Access "Centralized Storage No Fad"
This article is part of the Vol. 1 No. 6 August 2002 issue of .NET server storage: Friendly or not?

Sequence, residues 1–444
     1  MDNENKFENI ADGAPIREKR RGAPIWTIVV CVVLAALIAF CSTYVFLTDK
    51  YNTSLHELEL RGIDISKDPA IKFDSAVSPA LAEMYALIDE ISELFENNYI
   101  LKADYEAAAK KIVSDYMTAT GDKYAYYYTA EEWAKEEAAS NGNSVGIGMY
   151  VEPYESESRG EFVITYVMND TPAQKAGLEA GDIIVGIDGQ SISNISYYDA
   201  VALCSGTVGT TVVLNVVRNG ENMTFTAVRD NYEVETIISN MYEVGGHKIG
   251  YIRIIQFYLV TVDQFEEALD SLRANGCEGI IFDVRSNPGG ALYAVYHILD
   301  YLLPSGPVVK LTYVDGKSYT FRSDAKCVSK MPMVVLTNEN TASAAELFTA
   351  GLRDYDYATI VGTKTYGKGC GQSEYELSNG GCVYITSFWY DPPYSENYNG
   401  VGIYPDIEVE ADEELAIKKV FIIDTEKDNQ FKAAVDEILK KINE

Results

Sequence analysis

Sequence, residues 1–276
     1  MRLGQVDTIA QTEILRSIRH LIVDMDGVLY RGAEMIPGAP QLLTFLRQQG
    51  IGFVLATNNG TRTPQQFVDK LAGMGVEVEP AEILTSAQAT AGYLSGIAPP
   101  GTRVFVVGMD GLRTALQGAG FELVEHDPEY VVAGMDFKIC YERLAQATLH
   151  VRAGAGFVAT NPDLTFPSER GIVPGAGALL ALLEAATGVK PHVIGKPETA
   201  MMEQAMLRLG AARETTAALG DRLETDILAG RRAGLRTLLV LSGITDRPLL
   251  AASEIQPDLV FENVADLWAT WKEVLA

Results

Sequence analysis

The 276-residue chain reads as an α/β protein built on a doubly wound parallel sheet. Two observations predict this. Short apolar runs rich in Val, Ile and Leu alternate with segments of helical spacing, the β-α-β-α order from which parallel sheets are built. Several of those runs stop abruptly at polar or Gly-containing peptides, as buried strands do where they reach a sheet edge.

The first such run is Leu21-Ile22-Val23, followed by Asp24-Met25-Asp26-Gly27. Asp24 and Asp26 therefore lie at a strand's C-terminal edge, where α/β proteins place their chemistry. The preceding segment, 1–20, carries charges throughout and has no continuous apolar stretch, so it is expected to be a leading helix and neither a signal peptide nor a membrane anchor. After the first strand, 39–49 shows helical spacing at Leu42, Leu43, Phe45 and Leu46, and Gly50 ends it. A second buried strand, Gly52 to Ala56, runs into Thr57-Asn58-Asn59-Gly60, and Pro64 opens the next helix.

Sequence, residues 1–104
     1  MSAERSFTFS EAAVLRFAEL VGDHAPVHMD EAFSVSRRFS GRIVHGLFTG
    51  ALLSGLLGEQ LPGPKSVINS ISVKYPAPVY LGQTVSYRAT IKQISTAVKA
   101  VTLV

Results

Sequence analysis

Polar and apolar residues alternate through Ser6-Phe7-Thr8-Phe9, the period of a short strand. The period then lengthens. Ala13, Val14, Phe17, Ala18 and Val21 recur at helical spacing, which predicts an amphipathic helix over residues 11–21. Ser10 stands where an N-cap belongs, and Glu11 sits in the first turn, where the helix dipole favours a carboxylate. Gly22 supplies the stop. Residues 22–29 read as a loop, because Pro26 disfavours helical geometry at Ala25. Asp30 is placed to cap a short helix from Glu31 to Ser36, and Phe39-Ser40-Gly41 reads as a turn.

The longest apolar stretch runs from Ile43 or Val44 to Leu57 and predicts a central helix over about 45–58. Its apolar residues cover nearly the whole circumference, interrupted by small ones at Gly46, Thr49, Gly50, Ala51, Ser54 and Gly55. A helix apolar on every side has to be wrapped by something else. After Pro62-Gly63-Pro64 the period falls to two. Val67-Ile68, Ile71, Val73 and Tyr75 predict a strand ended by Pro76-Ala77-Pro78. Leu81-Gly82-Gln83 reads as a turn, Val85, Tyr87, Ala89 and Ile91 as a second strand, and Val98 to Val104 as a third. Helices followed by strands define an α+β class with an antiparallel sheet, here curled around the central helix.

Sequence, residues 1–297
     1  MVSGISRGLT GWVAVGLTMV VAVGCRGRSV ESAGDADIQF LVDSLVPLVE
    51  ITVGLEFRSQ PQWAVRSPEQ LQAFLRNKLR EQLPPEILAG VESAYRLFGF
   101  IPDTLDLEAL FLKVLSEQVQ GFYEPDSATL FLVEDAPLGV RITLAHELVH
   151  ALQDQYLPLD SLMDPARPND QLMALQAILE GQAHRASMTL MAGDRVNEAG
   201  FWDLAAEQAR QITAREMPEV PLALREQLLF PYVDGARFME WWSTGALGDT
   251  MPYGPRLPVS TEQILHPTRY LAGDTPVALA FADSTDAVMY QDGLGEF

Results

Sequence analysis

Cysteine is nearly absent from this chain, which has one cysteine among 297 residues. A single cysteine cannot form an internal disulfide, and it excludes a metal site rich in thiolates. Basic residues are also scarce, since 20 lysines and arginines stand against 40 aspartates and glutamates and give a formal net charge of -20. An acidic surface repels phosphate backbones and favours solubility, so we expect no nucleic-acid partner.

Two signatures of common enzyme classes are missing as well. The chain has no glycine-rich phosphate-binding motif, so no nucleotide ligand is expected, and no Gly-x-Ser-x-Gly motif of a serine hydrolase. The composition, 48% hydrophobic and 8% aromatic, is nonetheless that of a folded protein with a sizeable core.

From beaver skins to coon skin caps, Canadian retailing giant Hudson's Bay Company has seen many fashions come and go over its long and colorful history, which started 332 years ago under a charter from England's then king - Charles II - to trap and sell furs. But when it comes to storage, HBC's IT staff never fell for the decentralized management fad of the '80s and '90s. A devout mainframe shop, HBC's IT staff has practiced centralized storage management all along. "We don't believe in letting individual sysadmins take care of their little nugget of storage," says Laurence Whittaker, supervisor of the enterprise storage management group's support services - a group, incidentally, which was formed 14 years ago. HBC did succumb to a new trend three years ago - open systems - in order to be able to implement new applications such as Retek and Oracle Financials faster. But to Whittaker's chagrin, with open systems came uncontrolled storage growth. Using IBM AIX and NT servers connected to IBM Shark storage, what started out as 3TB of storage on open systems ... Access >>>
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